Almost every math-based class has a set of calculators, but the calculators don't always look the same. Sometimes a class requires a particular type of calculator, which can have functions arranged differently compared to other models of calculators. The learning curve might not be steep, but becoming familiar with a new calculator does take a little time and practice.
TL;DR (Too Long; Didn't Read)
TI-84 models find square roots using a second function key. The square root function key is located above the x-squared (x2) key. To access the square root function, press the second function key (2nd) in the upper left corner of the key pad. Then press the x2 key and input the value to be evaluated. Press Enter to calculate the square root.
When using an unfamiliar calculator, start with basic calculations. Many calculators process input in exactly the order of input while other calculators process according to order of operations. Inputting simple calculation, such as 3 × 4 + 6 ÷ 2, will show which process the calculator uses. In a sequential calculator, the answer will calculate as 3 × 4 = 12 + 6 = 18 ÷ 2 = 9. In this case, either use parentheses or the memory function to group the numbers according to order of operations. If the calculator programming incorporates order of operations, then the sequence will correctly calculate as (3 × 4) + (6 ÷ 2) = 12 + 3 = 15.
Function and Second Function Keys
As with the basic calculations, function and second function keys may work by inputting the number and then the function or by identifying the function before entering the number. Experiment using simple calculations to determine which order, function first or number first, works for the calculator. The order of input might not be the same for the function and second function key, however, so test both.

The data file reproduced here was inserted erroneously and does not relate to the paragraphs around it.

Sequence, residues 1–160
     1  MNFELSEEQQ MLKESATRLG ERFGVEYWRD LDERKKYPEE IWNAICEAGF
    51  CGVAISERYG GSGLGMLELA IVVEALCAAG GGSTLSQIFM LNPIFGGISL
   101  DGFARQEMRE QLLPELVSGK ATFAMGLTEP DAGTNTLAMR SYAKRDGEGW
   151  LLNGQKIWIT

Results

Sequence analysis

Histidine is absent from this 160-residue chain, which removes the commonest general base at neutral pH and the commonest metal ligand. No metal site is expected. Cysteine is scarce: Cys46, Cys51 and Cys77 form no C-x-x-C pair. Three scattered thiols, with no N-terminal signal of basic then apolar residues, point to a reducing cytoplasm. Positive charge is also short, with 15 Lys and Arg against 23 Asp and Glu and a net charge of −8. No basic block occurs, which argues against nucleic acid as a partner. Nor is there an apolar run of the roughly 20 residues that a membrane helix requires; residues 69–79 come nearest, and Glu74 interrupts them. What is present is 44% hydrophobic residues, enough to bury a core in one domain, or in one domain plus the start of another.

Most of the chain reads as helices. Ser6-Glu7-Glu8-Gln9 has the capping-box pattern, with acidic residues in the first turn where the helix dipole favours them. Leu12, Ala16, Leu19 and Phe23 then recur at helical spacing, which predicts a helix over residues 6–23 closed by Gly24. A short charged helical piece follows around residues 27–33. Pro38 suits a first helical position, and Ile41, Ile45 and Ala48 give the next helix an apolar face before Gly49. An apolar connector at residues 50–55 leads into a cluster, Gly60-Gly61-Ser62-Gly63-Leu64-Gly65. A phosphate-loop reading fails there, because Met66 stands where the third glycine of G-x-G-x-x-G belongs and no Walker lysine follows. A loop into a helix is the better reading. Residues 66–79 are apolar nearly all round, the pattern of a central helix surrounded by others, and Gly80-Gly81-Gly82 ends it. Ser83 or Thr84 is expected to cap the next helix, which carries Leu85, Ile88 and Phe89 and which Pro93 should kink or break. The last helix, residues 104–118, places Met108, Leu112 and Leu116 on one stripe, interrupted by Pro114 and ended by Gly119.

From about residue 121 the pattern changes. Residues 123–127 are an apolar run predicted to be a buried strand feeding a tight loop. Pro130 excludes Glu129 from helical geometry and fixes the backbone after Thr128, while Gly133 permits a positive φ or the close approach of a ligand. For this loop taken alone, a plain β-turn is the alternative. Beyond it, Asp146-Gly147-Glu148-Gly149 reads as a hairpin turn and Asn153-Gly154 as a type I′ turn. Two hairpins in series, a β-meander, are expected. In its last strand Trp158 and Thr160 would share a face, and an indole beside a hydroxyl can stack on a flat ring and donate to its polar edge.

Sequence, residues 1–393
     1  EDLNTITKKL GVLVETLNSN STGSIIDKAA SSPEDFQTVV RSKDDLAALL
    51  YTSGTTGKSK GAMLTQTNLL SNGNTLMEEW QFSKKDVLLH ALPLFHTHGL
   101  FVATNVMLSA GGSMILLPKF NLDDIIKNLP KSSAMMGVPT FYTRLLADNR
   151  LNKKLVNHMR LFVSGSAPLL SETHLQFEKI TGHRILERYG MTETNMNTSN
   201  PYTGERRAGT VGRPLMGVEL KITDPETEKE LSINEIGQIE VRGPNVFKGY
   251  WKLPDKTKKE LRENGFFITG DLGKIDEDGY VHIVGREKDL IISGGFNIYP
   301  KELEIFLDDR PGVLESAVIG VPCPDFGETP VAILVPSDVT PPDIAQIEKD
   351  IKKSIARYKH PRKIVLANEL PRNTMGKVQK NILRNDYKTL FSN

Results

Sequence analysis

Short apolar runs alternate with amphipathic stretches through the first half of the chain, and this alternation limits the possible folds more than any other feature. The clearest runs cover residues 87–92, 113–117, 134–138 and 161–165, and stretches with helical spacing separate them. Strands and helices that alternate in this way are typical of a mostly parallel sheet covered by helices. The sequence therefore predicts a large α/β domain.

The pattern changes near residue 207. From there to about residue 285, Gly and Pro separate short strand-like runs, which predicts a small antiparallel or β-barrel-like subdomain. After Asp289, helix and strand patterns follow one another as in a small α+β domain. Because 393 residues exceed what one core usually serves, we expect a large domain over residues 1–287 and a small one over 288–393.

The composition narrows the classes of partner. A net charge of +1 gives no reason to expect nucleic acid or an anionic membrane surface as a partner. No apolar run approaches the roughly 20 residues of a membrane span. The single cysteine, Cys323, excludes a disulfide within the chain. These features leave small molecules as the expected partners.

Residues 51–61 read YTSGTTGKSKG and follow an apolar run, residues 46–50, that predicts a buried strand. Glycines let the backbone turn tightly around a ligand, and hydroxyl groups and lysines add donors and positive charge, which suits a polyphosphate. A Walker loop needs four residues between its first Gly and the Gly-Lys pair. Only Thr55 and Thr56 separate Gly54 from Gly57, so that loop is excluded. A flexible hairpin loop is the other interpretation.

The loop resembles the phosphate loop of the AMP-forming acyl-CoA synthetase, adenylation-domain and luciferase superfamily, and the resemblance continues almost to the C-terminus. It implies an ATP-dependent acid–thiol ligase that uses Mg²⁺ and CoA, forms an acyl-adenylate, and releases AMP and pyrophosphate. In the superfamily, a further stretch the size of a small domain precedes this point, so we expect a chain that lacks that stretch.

TI 83 and TI-84 Graphing Calculators
The Texas Instruments 83 and 84 Graphing Calculators use function and second function keys. For ease of identification, second functions are written in yellow above the keys. Examining the key pad shows that the square root symbol (√) lies above the square function (x2) key, indicating that the square root key is a second function. To access second function keys, use the yellow key marked "2nd," found in the upper left corner of the key pad. Press "2nd," and then the key below the desired function symbol.
To find a square root using the TI-83 or TI-84, first push the "2nd" key and then the x2 key to access the square root function. Now that you've identified the function, input the number. Press the Enter key to calculate the solution.
As an example, suppose the area of a square equals 225 square meters, and the problem is to find the length of the sides. To find the length of the sides of the square, recall that the area of a rectangle is found using the formula "length times width equals area." Since all sides of a square are equal in length, the formula for area becomes "length times length," or "length squared equals the area of a square." So, to find the length of a side of a square using the TI-83 or TI-84, start with the yellow "2nd" key, and then press the x2 key to access the square root function. Input the area, 225, and press Enter to find the square root. The length of each side of the square equals 15 meters.
TI-84 Plus and TI-84 Plus Silver
The Texas Instruments 84 Plus and 84 Plus Silver Graphing Calculators also use function and second function keys. Find the second functions written in blue above the keys. Note that the TI-84 Nspire edition shows the second function in blue in the upper left corner of each key. As with the TI-83 and TI-84, the second function key is in the upper left corner of the key pad. In the TI-84 Plus and TI-84 Silver Plus models, the second function key is colored blue to match the second function symbols.
Like the TI-83 and TI-84, the square root symbol (√) lies above the x2 key on the TI-84 Plus and TI-84 Plus Silver Edition. To find a square root value, use the same procedure: Press the "2nd" key, the x2 key, the number and Enter.